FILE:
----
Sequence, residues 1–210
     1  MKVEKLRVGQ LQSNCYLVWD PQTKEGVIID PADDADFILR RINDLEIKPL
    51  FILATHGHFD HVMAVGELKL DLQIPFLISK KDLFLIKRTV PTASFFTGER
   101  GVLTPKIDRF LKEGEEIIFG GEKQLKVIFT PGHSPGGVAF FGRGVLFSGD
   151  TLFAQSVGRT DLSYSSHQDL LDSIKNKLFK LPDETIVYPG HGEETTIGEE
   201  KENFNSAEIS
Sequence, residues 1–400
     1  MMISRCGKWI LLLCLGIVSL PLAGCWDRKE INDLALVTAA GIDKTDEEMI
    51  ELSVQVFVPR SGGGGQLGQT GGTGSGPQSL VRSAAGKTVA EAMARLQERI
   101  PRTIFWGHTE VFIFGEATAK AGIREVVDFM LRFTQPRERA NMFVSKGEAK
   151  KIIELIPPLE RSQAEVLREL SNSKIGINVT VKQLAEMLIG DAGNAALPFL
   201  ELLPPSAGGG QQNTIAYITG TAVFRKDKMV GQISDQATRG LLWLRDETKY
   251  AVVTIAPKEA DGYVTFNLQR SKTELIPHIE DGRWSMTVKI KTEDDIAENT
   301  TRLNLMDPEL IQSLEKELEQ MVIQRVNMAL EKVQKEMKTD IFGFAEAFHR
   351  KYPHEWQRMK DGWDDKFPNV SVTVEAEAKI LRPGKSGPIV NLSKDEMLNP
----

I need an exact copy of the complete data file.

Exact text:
Sequence, residues 1–210
     1  MKVEKLRVGQ LQSNCYLVWD PQTKEGVIID PADDADFILR RINDLEIKPL
    51  FILATHGHFD HVMAVGELKL DLQIPFLISK KDLFLIKRTV PTASFFTGER
   101  GVLTPKIDRF LKEGEEIIFG GEKQLKVIFT PGHSPGGVAF FGRGVLFSGD
   151  TLFAQSVGRT DLSYSSHQDL LDSIKNKLFK LPDETIVYPG HGEETTIGEE
   201  KENFNSAEIS
Sequence, residues 1–400
     1  MMISRCGKWI LLLCLGIVSL PLAGCWDRKE INDLALVTAA GIDKTDEEMI
    51  ELSVQVFVPR SGGGGQLGQT GGTGSGPQSL VRSAAGKTVA EAMARLQERI
   101  PRTIFWGHTE VFIFGEATAK AGIREVVDFM LRFTQPRERA NMFVSKGEAK
   151  KIIELIPPLE RSQAEVLREL SNSKIGINVT VKQLAEMLIG DAGNAALPFL
   201  ELLPPSAGGG QQNTIAYITG TAVFRKDKMV GQISDQATRG LLWLRDETKY
   251  AVVTIAPKEA DGYVTFNLQR SKTELIPHIE DGRWSMTVKI KTEDDIAENT
   301  TRLNLMDPEL IQSLEKELEQ MVIQRVNMAL EKVQKEMKTD IFGFAEAFHR
   351  KYPHEWQRMK DGWDDKFPNV SVTVEAEAKI LRPGKSGPIV NLSKDEMLNP